We Must Get Serious About Stopping Drugs

Readers write

November 11, 1990

From: Arnold M. Bernstein

Havre de Grace

Reading this week's Harford County Sun, my eyes fell on an article cheerfully describing a program to offer fast-food discounts to students carrying a card bearing the number of a drug counseling hot line, and then, a few pages away, was a discussion of another hopeful program advising sixth-graders on how they might gracefully decline offers of drugs without social embarrassment.

Suddenly I was outraged by the grotesque disparity between the silly, piddling proposals that are being made and the enormity of the drug problem that is destroying so many young people. For God's sake, can't we do something serious about this?

Our young people are being ravaged be a fatal, crippling -- and contagious -- disease. Isn't drug use already called a "disease"? Don't we use the disease model to formulate humane policies for dealing with drug users?

Well, what would we do if one-fourth of the high school students had tuberculosis? Tell them how to decline kissing a sick classmate without hurting anyone's feelings? Offer them french fries if they agree to cough into their handkerchiefs? No, we would do what we have done in the past -- we would test all of them, identify the carriers and refer them for treatment!

Of course being identified as a carrier of a dangerous disease carries a certain social stigma; it is unpleasant, maybe punishing. And this is the sticking point in all such discussions -- am I suggesting that we violate the sacred principles of the Constitution, proposing that we search without warrants or punish without trials? No, you don't test for and treat diseases as punishment. The unhappy side of being identified as a carrier is just another of the many misfortunes borne by the sick. There are greater misfortunes ahead for those who go untreated and still greater, totally needless misfortunes, for all of those who should not ever have been exposed at all.

It is a curious perversion of constitutional principles that, because drug use is not only a disease, but also a crime, the authorities must somehow shy away from obvious, effective means of identifying and treating it. It's like saying that because it is more serious we must do less about it! It should not be necessary to point out that constitutional safeguards were framed to protect political dissent, not promote egregious, destructive behavior which, in its own way, threatens all of public life, including the Constitution.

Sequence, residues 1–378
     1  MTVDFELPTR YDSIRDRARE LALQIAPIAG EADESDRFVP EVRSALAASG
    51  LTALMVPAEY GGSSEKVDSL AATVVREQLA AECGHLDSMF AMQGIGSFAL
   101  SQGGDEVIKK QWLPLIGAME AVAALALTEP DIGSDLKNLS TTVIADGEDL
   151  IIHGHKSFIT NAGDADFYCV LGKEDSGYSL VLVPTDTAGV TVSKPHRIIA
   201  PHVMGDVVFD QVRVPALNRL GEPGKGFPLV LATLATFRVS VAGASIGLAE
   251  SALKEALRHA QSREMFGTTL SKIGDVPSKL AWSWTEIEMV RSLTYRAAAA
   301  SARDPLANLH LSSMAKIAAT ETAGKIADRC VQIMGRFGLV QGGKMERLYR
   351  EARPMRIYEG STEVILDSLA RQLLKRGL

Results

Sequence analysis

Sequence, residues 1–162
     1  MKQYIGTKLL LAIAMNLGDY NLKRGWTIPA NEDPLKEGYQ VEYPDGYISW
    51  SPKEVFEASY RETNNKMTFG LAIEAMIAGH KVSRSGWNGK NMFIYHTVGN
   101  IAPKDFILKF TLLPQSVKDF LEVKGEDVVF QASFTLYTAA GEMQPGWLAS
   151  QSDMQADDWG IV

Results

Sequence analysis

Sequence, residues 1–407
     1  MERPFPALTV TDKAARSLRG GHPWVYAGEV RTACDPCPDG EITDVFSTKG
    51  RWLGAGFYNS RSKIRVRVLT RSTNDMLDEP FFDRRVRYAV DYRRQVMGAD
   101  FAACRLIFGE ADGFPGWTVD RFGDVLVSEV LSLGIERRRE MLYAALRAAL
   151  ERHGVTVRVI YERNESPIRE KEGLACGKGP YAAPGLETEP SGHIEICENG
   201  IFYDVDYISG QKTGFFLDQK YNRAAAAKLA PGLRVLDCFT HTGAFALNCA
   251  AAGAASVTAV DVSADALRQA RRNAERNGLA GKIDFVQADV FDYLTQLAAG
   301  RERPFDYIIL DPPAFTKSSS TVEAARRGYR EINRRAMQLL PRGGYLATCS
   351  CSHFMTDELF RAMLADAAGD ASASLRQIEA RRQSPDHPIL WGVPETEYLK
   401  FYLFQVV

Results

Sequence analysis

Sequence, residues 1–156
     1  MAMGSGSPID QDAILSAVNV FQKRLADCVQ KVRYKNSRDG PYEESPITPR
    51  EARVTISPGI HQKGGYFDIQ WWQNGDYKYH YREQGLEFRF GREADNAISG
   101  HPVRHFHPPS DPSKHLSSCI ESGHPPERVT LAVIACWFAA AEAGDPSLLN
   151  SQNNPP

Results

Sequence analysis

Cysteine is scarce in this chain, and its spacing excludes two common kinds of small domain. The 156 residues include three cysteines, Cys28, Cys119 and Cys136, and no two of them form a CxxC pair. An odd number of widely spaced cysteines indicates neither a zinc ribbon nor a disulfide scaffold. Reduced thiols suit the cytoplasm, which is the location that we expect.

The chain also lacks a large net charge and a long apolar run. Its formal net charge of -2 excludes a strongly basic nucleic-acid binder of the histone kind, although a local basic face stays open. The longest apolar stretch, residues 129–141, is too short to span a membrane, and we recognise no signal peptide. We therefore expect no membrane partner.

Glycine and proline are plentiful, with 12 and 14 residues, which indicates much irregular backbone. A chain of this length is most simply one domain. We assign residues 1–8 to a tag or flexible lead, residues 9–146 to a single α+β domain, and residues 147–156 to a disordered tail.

I'm tired of seeing people try to exorcise this demon with charm and cajolery, and I'm disgusted with all of the academic, constitutional hair-splitting about whether an 11-year-old's civil liberties might be violated if we try to find out if he's killing himself and his classmates with drugs. It's time to do something!


From: Marge Woodward


On Sunday, Oct. 21, you ran an article referencing the governor's involvement in preventing the compressor station from being located in the Upper Crossroads area of Harford County. I would like to the record straight as to the individuals involved in persuading the governor to contact Columbia Gas Transmission Inc.

Delegate Joe Lutz, Delegate Eileen Rehrmann and Sen. William Amoss were the three members of the state legislature who represented the community to both the Department of the Environment and the governor.

Your article mentioned other county officials being involved. For your information, county officials are precluded from being involved in any zoning-related matter.

Once again, I'd like to give credit where credit is due, and that credit belongs to Delegates Lutz and Rehrmann and Senator Amoss, who have been involved and worked with George Thoupos and the community from the beginning on this issue.


From: Nancy Harmon

Bel Air

In these days of environmental awareness, I was brought to my knees with nausea by the knowledge of inadvertent pollution I placed into the Chesapeake Bay.

I enjoyed my first chartered overnight sailing excursion, into the freshwater Sassafrass River, on the Eastern Shore of the Chesapeake Bay. I returned to the marina and found that the sewage and wastewater holding tank had not been used. This was not by our choice. Many boats sailing from Tidewater Marina in Havre de Grace bypass the sewage holding tank because the marina does not have a pumping station. This means the boats with holding tanks from Havre de Grace put their sewage into the Chesapeake Bay.

I know I am not the only person who is concerned about raw sewage in our bay or who picks up other people's trash or cares about the chemicals that are being used in our foods. There seems to be a contradiction in this scenario, in that people who want the bay to remain an attractive recreational asset to provide income and entertainment; these people are also willing to place their waste products into it.

I was informed that federal guidelines state that all newer boats are required to have a holding tank, but the use of the holding tank is at the owner's discretion. The owner's discretion should be to use a marina that provides complete service for themselves and the Chesapeake Bay. A clean environment starts with each of us in the integrity of the choices we make.

Baltimore Sun Articles
Please note the green-lined linked article text has been applied commercially without any involvement from our newsroom editors, reporters or any other editorial staff.